Now that you have modified the .prg file, you must rebuild the executable. You accomplish this by creating a project, adding the .prg, .rep, Certnet.cc and WebClass.cc, rebuilding and recompiling. It’s that simple.
You now have a fairly complete Query/Response application with nice response page for display, a customized SorryPage if the user’s search value was not found, and a SorryPage if the user bookmarked the response page and returned via the bookmark. Not only does the “bookmark” SorryPage text differ from the “value not found” SorryPage, but it also contains a clickable link so your visitors can go to the site and run a query.
What do all these changes mean to the end result?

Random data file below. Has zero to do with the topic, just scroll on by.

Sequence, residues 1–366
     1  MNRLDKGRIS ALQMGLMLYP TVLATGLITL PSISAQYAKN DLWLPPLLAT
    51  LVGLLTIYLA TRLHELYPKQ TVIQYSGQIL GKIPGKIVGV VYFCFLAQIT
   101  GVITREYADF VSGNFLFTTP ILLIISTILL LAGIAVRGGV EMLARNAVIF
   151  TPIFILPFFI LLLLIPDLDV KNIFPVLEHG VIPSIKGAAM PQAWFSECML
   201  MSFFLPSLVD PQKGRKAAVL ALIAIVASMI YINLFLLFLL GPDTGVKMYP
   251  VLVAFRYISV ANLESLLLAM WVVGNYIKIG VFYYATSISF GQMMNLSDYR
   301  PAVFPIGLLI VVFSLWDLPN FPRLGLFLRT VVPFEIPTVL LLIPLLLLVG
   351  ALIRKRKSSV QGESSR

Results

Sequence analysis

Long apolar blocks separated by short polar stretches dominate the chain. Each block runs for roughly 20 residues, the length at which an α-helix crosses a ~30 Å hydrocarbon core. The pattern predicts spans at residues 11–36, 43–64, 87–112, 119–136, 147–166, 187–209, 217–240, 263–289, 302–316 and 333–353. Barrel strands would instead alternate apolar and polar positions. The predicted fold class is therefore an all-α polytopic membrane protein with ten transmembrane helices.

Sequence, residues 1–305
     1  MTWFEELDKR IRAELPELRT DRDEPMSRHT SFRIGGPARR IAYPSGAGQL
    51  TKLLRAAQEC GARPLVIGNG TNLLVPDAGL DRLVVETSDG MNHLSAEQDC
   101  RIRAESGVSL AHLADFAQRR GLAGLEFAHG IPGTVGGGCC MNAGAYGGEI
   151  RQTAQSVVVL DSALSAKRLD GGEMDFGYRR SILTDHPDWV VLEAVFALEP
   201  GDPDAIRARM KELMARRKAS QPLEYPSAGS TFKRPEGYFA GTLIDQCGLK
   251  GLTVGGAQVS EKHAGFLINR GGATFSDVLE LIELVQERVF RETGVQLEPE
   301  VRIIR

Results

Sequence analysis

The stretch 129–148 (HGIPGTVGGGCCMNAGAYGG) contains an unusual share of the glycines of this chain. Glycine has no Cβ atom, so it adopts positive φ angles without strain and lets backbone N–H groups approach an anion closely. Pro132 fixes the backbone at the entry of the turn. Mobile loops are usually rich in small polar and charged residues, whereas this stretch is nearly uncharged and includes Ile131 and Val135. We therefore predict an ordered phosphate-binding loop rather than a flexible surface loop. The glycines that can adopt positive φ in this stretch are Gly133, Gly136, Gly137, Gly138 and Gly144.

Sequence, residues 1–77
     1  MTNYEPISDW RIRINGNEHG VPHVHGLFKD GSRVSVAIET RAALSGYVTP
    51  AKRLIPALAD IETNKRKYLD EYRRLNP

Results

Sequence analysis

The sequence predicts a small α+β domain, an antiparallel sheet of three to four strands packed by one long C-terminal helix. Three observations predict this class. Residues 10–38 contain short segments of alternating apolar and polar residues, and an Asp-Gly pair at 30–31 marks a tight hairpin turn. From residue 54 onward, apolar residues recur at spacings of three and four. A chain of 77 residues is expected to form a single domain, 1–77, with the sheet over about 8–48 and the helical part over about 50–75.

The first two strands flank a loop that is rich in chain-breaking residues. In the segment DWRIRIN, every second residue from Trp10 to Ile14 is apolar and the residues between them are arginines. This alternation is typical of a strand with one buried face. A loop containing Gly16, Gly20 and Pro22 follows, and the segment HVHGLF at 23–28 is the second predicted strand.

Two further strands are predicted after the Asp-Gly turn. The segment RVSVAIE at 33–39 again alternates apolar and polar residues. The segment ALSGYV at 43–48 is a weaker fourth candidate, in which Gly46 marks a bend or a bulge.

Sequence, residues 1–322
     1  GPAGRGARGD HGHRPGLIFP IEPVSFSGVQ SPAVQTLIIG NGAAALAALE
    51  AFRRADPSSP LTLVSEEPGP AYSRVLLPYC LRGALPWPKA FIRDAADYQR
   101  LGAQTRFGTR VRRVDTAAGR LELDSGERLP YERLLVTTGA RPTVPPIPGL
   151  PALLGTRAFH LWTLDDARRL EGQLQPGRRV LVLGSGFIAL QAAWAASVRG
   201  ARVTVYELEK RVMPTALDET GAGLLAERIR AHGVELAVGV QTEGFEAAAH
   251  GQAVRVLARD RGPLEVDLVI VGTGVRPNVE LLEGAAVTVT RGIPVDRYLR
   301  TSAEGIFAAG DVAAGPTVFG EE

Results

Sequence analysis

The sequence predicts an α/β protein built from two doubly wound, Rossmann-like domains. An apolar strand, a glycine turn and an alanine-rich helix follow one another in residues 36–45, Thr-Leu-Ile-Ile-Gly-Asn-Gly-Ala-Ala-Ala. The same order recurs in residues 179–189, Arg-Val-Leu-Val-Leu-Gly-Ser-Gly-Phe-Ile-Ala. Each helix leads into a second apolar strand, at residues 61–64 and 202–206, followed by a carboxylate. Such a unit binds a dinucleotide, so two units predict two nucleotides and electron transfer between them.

Assuming the user searched for 123456789 and the value was not found, our SorryPage now looks like this:
And the SorryPage for those users that bookmarked the response page looks like this:
Although we only subclassed the SorryPage() method, you could subclass each and every method in WebClass.cc to suit your needs. Your imagination is the only limit.
Contacting the Webmaster for assistance
There is a built-in method for
assigning a Webmaster email address in
your program file, just below the line:
you can identify an email address
similar to: (Note - this must be a valid email address)
Should your users receive an error page, they can simply click on this link to send the webmaster an email message.
Modifying the .htm page